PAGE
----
After discussions about the marketing and promotion of Route 66 beyond the Route 66 community with Michael Wallis on Saturday, my thoughts drifted toward Ned Jordan and his artistically crafted “Somewhere West of Laramie” and other promotions for the Jordan. In turn this led to meditations about other visionary promotional campaigns designed during the formative years of the American auto industry as well as Route 66 promotions past, present, and future.
The Calkins & Holden ad agency created innovative and art quality promotional pieces for the now legendary Pierce Arrow in the years before World War I that have endured the test of time and even outlived the company they were designed to promote.
In stark contrast to the dry, word heavy promotions that dominated automotive promotion in the period, work from this agency was vibrant, and colorful with little or no text. They accomplished this by hiring leading illustrators and artists of the day – Louis Fancher, Edward Borein, Newell Wyeth, and Ludwig Hohlwien.
I wonder what the response would be to Route 66 promotional posters featuring the work of craftsman such as Jerry McClanahan or Chris Robleski displayed in airports, at bus stops, and locations far removed from that highway? Imagine just one example of these artists work with the simple slogan “The Dream is Alive – Route 66.”
Route 66 is a living, breathing time capsule, an opportunity to experience the best of American life from the era before the Internet, before cell phones, before the interstate highway and yet much of the promotion and many of the festivals are crafted in a “preach to the choir” sort of manner.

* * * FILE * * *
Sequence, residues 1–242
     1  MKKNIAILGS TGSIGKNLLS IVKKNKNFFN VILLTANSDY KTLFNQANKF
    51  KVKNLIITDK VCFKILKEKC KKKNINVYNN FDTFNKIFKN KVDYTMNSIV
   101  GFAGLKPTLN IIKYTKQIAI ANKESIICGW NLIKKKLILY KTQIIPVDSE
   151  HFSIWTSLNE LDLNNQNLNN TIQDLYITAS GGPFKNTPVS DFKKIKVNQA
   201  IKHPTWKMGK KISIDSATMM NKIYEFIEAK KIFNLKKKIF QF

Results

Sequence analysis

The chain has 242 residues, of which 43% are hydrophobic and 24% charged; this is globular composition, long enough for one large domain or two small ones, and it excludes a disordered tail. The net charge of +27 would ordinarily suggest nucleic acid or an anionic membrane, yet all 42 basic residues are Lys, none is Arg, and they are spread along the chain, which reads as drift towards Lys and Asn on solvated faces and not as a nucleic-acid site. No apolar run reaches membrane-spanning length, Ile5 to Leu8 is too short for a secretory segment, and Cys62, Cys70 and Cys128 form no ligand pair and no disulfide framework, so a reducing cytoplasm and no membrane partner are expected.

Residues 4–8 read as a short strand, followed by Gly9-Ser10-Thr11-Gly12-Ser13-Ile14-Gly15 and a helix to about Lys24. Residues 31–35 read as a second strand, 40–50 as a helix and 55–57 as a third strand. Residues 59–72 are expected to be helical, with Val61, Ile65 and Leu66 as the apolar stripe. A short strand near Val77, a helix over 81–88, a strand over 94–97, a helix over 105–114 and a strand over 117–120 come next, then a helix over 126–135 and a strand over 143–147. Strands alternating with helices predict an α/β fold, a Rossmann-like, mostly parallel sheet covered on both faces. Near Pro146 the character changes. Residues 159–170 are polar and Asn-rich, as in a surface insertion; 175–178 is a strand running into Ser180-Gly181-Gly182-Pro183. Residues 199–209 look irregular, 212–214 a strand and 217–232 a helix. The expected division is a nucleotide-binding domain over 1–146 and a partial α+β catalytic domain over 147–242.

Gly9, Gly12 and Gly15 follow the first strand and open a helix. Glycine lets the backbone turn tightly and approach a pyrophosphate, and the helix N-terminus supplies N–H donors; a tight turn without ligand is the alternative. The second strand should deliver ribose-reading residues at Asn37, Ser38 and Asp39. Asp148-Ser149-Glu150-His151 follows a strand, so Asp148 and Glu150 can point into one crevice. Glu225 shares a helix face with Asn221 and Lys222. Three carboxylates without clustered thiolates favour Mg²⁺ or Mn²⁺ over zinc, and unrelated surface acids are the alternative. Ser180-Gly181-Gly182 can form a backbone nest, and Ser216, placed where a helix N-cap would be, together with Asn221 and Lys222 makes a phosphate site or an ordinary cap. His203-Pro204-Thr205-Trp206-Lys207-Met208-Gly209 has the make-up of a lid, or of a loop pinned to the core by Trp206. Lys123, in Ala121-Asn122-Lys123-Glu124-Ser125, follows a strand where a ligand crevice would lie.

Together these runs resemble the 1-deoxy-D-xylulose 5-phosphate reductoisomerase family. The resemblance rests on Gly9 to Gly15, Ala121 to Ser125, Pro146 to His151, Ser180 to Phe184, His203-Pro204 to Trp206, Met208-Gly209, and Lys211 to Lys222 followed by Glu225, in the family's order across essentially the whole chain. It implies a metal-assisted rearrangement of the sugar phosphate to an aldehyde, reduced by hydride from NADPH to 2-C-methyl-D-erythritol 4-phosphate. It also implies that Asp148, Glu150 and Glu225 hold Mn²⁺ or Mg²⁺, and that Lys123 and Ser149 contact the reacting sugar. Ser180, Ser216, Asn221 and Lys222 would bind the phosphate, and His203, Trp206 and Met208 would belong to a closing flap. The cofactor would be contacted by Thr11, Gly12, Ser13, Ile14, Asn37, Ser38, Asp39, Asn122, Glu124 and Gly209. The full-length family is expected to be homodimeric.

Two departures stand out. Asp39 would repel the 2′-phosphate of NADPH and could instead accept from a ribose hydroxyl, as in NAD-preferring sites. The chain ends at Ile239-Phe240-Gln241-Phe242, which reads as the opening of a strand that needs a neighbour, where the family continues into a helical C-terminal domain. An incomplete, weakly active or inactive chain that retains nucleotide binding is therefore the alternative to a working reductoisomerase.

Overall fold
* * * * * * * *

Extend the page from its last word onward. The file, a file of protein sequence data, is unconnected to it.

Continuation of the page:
Before Calkins & Holden a great deal of automotive advertisement as well as promotion targeted the automotive enthusiast rather than the vast untapped market of people still running the roads and highways in a horse and buggy. Yes, the Pierce Arrow was a limited production and expensive automobile that depended on snob appeal for sales but the advertisements produced for that company led other manufacturers to create similar promotional pieces that targeted a wider audience.
Marketing Route 66 requires the latter rather than the former. Those who insist on five star accommodations and the most modern of amenities will never be satisfied with the simple pleasures of an evening at the Blue Swallow Motel or Motel Safari.
There is a hunger in this nation for tangible links to what is perceived as simpler times, for an opportunity to escape the confusion, the worries, and the stress of the modern era. There is an international hunger for the romanticized perception of America and that is encapsulated all along the Route 66 corridor.
Harnessing this hunger is key to the survival, the evolution, and the development of Route 66. The challenge to the Route 66 community is finding ways to promote its wonder, its charm, its unique culture to wider audience.